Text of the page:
A foreclosure on a home adversely affects the homeowner in a number of ways, and it also has a negative effect on the lender and the housing market in general. The homeowner receives a mark on his or her credit that can make it difficult -- sometimes impossible -- to borrow money for another home, car or major purchase. This can essentially remove the former homeowner from the pool of large-purchase consumers, a key part of the nation's economic engine, for years. Banks nearly always lose money on foreclosures; between the lower sale price they receive at auction and the resources they must assign to administer the foreclosure process, it's rare for them to come out ahead at the end of a foreclosure [source: Experian].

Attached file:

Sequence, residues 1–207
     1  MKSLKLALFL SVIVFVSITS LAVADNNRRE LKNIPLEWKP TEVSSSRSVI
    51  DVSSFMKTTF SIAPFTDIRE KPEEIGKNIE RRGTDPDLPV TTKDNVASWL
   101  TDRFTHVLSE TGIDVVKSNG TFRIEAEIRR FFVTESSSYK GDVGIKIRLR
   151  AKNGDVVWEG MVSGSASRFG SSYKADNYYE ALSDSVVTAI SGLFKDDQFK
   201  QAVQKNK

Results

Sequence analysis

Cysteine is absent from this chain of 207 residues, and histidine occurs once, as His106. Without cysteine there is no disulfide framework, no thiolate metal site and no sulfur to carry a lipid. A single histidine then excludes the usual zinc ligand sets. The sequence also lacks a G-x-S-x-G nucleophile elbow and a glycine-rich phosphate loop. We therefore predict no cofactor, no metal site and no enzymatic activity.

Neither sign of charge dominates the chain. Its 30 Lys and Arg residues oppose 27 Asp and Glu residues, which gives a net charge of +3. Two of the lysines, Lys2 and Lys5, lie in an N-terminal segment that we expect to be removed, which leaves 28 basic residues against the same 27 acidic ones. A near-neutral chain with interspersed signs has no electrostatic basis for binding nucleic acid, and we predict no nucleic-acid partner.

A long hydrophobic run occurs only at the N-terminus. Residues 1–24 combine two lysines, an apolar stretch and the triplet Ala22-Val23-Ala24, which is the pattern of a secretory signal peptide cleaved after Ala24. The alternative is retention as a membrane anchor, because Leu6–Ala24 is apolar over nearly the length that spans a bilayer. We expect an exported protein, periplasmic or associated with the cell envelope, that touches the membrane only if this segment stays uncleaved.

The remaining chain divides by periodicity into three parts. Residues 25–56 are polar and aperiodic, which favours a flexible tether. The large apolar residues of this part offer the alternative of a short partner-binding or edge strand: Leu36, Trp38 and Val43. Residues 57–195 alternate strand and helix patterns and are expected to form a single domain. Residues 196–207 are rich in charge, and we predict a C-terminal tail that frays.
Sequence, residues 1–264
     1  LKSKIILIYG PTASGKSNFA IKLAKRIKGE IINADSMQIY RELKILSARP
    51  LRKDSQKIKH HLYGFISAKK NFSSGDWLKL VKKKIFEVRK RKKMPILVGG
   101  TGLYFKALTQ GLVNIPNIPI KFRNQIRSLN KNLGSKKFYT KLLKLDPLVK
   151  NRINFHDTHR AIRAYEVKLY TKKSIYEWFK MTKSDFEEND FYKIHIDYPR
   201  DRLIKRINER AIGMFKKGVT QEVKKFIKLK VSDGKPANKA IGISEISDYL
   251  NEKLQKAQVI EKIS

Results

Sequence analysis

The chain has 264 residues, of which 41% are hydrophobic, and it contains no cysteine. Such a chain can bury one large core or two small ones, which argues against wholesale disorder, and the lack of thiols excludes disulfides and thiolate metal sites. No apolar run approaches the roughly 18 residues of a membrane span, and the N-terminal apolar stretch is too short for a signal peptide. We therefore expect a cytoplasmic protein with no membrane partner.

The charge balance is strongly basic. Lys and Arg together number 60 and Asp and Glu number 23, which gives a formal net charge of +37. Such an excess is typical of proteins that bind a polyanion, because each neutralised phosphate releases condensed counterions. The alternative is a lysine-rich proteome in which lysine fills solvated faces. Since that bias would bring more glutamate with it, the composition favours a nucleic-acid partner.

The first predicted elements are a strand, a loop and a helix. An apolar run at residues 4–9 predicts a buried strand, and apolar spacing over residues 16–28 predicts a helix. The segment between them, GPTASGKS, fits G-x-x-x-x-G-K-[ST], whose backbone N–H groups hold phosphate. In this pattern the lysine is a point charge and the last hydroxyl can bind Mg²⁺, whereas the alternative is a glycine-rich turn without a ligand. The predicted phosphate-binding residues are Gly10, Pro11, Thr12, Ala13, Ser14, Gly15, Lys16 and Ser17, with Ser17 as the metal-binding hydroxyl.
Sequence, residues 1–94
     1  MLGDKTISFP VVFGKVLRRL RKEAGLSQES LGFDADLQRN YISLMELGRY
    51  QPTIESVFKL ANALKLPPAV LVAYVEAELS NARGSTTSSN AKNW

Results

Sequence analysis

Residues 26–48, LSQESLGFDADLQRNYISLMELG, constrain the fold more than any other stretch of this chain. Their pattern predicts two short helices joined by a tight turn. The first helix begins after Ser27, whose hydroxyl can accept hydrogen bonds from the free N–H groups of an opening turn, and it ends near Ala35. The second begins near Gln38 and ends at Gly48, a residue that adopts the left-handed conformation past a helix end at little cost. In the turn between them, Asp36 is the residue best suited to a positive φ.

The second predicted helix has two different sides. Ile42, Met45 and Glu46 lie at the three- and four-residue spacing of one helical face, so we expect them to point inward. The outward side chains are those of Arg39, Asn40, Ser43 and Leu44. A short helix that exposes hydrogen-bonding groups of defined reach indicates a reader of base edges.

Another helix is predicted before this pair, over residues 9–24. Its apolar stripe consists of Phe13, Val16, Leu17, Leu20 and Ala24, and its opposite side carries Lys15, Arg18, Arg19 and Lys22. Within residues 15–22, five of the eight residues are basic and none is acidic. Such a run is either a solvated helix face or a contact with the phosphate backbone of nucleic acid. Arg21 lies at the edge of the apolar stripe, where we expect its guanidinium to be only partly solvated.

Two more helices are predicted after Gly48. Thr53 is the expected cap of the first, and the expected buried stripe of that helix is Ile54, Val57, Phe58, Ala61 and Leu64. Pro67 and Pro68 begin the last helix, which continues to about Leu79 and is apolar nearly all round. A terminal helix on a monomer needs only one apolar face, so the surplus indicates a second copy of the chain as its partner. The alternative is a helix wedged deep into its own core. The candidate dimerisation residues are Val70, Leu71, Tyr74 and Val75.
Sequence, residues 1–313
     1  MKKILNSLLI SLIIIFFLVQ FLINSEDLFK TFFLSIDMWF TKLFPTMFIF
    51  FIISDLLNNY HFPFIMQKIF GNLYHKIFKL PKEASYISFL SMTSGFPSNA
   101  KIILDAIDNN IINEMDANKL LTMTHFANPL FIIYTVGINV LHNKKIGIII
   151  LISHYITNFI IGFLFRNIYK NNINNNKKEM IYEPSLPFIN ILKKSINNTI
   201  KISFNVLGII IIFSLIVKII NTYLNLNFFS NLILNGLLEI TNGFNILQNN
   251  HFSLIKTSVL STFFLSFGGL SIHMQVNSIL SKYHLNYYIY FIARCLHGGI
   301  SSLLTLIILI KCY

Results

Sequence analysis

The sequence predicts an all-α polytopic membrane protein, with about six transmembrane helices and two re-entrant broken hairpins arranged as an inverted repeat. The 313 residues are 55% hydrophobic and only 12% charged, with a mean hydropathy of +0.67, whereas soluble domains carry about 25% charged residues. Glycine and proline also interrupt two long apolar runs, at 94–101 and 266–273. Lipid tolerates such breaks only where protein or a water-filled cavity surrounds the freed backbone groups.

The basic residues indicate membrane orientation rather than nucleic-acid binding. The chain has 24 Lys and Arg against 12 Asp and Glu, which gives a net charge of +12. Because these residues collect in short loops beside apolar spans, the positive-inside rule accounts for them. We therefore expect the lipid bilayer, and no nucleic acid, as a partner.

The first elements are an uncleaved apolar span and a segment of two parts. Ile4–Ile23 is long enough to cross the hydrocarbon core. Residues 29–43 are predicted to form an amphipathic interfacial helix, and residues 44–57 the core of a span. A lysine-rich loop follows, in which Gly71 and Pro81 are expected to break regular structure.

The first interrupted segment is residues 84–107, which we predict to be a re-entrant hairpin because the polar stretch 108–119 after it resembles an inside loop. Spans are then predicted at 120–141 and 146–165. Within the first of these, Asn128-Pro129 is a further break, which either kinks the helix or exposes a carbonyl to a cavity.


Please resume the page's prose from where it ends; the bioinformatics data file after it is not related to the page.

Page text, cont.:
The housing market also suffers from foreclosure, due to decreased home values. A 2010 report by the Federal Reserve Bank of Cleveland estimated that a foreclosed home not only dropped in value, but caused homes within a 260-foot radius to lose up to 1 percent of their value, as well [source: Hartley]. Foreclosed homes are less likely to be maintained and more likely to remain on the market for an excessive period of time, and they make it difficult for homeowners with good credit to upgrade into more expensive homes.
Therefore, if a foreclosure can be avoided, it's in the best interest of everyone involved.